Documents in a recent court filing on the case of indicted businessman Rick “The Free Capitalist” Koerber show delays and arguments between regulators and the Attorney General’s Office in failed attempts to file charges against Koerber in 2007 on the state level. It wouldn't be until 2009 that Koerber would face federal charges alleging him to be the mastermind behind a $100 million Ponzi scheme.
In 2009, it was discovered that Utah Attorney General Mark Shurtleff had a private meeting with Koerber and then Rep. Carl Wimmer, R-Herriman, during the same time Koerber was under investigation by the state for allegedly defrauding investors through his various real-estate holdings and other businesses, in a scheme where money from new investors goes to pay off old investors while at the same timing lining the pockets of the fraudster.
While the state declined to bring charges against Koerber, he was indicted by the federal government in 2009 and received superseding indictments again in 2011, alleging six counts of fraud in the offering of the sale of a securities, 10 counts of wire fraud, two counts of money laundering and two counts of tax evasion.
City Weekly had reported that Wimmer, a former student of Koerber’s investing school and campaign donation recipient, had once entertained passing legislation that would put the Utah Division of Securities (UDS) under the Attorney General’s Office instead of the Utah Department of Commerce, where it’s currently located. Now in a filing made by Koerber’s attorney in response to federal indictments, a document (see below) shows the troubles Utah’s former securities director Wayne Klein (pictured) had in getting the Attorney General’s Office to file a civil lawsuit against Koerber back in late 2007. The document also creates a timeline of the disagreements between the two offices leading up to Klein's sudden resignation from UDS in early 2008.
In a document, Klein creates a timeline of the division's dealings with the Attorney General’s Office that shows throughout December the office struggling to hear back from the Attorney General’s Office about the proposed complaint. The document shows Klein noting that members of the Attorney General's Office felt that his complaint draft was “too long” and contained “too much detail.” Regardless, Klein pushed hard on getting the complaint right and worked with several members of the Attorney General's Office to hammer out a working complaint they could file on Koerber. But during this process, there were miscommunications.
In one entry, Klein writes that a former securities-division investigator gave the attorney generals wrong information about the case, arguing that UDS did not have Koerber’s signature attached to any of the investment documents. “This was not correct. We had Koerber’s signature on at least a dozen notes,” Klein reports in the document.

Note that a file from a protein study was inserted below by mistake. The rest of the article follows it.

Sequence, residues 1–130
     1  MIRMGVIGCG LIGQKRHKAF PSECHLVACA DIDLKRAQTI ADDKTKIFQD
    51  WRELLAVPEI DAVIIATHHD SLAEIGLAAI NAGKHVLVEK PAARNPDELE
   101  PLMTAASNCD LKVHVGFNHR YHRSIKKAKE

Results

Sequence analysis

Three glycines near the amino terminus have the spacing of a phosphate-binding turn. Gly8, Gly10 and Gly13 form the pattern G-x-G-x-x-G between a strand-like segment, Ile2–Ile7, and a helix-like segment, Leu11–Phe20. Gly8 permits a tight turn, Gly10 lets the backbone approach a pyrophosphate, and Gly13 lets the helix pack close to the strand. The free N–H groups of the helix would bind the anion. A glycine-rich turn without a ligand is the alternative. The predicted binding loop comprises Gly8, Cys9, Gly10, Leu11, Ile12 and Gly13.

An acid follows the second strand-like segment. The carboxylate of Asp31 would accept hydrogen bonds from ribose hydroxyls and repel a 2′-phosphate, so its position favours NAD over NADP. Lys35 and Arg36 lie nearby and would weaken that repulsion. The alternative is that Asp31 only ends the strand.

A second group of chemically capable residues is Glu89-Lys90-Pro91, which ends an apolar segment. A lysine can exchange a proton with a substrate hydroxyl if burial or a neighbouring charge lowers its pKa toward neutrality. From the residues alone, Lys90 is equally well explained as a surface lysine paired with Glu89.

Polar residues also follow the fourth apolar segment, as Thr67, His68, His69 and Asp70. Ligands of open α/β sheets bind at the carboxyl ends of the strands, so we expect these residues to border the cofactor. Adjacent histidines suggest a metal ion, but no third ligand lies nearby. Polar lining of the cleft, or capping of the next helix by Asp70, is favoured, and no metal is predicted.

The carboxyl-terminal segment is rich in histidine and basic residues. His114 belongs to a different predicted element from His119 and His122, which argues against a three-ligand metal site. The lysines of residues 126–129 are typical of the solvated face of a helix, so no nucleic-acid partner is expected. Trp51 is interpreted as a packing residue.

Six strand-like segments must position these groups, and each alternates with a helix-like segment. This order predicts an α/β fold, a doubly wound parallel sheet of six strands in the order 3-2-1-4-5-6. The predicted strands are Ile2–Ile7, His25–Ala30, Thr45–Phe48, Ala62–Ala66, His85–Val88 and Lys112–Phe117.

According to the entry, the investigator told the Attorney General's Office that the complaint was “long on conclusions, but short on facts.” In follow-up entries, Klein writes of providing more documents to disprove this claim by the investigator.
On Jan. 9, 2008, the Department of Commerce and the Attorney General’s Office clashed over the case in a conference meeting where Assistant Attorney General Kirk Torgensen accused the Director of the Utah Department of Commerce, Francine Giani, of telling a legislator that the Attorney General’s Office “refused to bring the case.”
“[Torgensen] said they will bring the case if the proof is there, but that his attorneys say the proof is not there. There were lots of accusations and acrimony,” Klein writes. “In the end, I said our real goal is to find a way to bring a case that the A.G.s feel good about. I said I would prepare an annotation of the complaint, showing what evidence we had for each allegation in the complaint.” According to Klein’s timeline, the new draft was given to the assistant attorney generals two days later and Klein walked through the evidence and the complaints with them.
On Jan. 31, 2008, according to the document, Klein says that he was told by the Attorney General’s Office that the office had made revisions to the lawsuit complaint and would meet with him on it shortly.
“This chronology ends Jan .31 ,” Klein says during a recent interview. “It was like a week and a half, two weeks, later that I announced I was leaving [UDS].”
Klein’s resignation came under a cloud of a state audit that would later ding the agency for not keeping up-to-date policy manuals and other problems. City Weekly also reported that the legislators who called for the audit had close ties to individuals who had been investigated by UDS—including Rick Koerber.
While the last entry seems to suggest that the two agencies were close to compromise, after Klein’s resignation, the complaint faltered and the Attorney General’s Office did not follow up on the matter. In an e-mailed statement, Attorney General’s Office spokesman Paul Murphy writes that “We did not file a complaint because our attorneys were never give evidence to support the complaint drafted by Wayne Klein.” Murphy also explained that Shurtleff's brief meeting with Koerber had no bearing on the case. The Utah Department of Commerce declined to comment for this post.
Currently Koerber’s federal fraud case is still involved in pre-trial hearings.KleinChronology